Healthcare Law Reporting Rules Could Be Eased; Groups Back Plan

Retail industry trade groups like a Treasury Department proposal that would simplify the Affordable Care Act’s reporting requirements on large businesses. However, they would like the changes to go even further.

The paperwork involved with Affordable Care Act’s implementation has been anything but easy for businesses. But changes proposed by the U.S. Treasury Department could help ease the law’s IRS reporting processes for large employers—something praised by a number of trade groups.

More details below:

The changes: In a press release on Sept. 5, the Treasury Department offered information on a number of proposed changes to the healthcare reform law’s reporting processes. They include allowing employers to report information on health insurance offerings through W-2 tax forms; not requiring a large employer to determine whether workers are full- or part-time if “adequate coverage is provided to all potentially full-time employees”; and streamlining other processes to reduce the amount of additional reporting needed. “Today’s proposed rules enable us to continue engaging on how best to implement the ACA reporting requirements in a more streamlined and focused manner,” Treasury Assistant Secretary Mark J. Mazur explained in a statement. “We will continue to consider ways, consistent with the law, to simplify the new information reporting process and bring about a smooth implementation of those new rules.”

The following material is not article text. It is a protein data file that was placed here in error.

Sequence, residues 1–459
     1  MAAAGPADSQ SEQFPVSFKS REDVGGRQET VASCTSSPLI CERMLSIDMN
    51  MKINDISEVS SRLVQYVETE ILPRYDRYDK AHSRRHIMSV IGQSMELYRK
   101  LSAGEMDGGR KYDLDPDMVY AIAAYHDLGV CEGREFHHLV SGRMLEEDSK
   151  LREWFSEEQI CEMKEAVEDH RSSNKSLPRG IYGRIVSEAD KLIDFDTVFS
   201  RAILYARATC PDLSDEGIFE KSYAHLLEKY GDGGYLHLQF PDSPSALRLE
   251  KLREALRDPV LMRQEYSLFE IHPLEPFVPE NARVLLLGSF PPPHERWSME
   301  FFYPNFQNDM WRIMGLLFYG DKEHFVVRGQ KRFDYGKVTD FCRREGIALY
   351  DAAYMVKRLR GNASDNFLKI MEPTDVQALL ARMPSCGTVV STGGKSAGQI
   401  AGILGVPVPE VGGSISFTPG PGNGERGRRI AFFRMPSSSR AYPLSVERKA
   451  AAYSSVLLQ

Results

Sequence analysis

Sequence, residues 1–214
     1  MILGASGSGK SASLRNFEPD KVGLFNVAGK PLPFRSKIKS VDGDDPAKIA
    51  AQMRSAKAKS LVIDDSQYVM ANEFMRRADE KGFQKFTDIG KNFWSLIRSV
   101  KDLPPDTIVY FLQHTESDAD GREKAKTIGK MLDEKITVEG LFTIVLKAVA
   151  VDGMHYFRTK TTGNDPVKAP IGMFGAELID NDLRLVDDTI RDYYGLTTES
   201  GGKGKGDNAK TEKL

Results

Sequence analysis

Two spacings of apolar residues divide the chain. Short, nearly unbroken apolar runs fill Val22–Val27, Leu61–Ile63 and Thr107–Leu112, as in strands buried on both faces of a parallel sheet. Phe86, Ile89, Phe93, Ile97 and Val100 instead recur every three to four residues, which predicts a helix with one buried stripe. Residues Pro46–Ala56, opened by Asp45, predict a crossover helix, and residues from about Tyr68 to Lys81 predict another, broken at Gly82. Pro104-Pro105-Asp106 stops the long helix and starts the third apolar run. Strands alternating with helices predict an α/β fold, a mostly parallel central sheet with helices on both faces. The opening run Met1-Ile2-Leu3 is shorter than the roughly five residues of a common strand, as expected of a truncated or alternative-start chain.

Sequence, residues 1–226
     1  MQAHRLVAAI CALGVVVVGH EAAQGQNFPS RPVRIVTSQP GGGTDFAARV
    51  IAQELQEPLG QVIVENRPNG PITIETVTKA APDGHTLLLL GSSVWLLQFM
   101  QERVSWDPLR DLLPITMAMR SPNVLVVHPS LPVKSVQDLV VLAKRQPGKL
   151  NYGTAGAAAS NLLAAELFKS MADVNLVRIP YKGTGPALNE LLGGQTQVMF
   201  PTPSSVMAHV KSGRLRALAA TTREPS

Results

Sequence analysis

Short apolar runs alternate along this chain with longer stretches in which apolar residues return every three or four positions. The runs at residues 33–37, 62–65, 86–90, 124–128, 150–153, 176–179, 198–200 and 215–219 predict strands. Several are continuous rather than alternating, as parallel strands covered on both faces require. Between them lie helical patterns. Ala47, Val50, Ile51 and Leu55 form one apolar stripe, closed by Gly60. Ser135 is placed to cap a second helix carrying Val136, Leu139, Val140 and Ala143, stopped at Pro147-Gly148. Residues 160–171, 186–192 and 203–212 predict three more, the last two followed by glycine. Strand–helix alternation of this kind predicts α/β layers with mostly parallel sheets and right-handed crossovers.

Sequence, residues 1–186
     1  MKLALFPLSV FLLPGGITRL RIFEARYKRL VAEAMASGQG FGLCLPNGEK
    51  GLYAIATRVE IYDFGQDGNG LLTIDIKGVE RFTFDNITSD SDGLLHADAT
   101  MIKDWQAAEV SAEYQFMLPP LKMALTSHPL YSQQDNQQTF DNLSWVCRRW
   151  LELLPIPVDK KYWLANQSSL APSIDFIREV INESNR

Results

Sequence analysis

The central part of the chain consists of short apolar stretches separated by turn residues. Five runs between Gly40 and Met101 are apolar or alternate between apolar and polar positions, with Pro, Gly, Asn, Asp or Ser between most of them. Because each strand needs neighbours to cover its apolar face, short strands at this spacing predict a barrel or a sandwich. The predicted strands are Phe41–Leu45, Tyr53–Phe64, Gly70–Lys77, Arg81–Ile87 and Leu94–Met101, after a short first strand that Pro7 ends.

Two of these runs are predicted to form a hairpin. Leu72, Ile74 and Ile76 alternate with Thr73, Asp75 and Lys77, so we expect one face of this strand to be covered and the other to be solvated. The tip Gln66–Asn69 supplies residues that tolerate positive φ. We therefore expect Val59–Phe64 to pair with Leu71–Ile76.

Associations in support: Large business groups, including the National Retail Federation (NRF) and the Retail Industry Leaders Association (RILA), spoke favorably of the suggested changes and promised to offer detailed comments on the proposal. However, while both support the measures, they said the law’s language could prove problematic in terms of further streamlining—something both groups are requesting. “While I think the administration would like to simplify [the reporting process], their hands are tied by the statute,” RILA’s Vice President of Government Affairs Christine Pollack told the Wall Street Journal. “This is the opening salvo.”

The earlier, the better: The federal government has delayed full implementation of the “employer mandate,” requiring businesses that have more than a specified number of full-time workers to offer coverage, until January 2015. But that doesn’t mean that employers should put things on the back-burner, the IRS says. As The Hill reported, the Treasury Department is recommending that companies should still work to comply with the law in the coming year, with the goal being “a smoother transition to full implementation in 2015.” The delay nonetheless offers breathing room.

The IRS is requesting public comment on the proposal, something which can be done here.


Ernie Smith

By Ernie Smith

Ernie Smith is a former senior editor for Associations Now. MORE

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